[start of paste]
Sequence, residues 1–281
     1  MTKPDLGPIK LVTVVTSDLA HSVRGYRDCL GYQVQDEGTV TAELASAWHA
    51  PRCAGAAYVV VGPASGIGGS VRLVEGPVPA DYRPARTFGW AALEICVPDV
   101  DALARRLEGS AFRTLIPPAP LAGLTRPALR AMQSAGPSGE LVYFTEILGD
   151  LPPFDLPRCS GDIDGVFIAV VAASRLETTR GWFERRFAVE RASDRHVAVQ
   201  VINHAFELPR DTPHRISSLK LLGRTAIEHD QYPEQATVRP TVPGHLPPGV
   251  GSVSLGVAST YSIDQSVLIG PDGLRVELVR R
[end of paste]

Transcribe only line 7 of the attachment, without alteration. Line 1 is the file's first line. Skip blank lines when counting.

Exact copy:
   251  GSVSLGVAST YSIDQSVLIG PDGLRVELVR R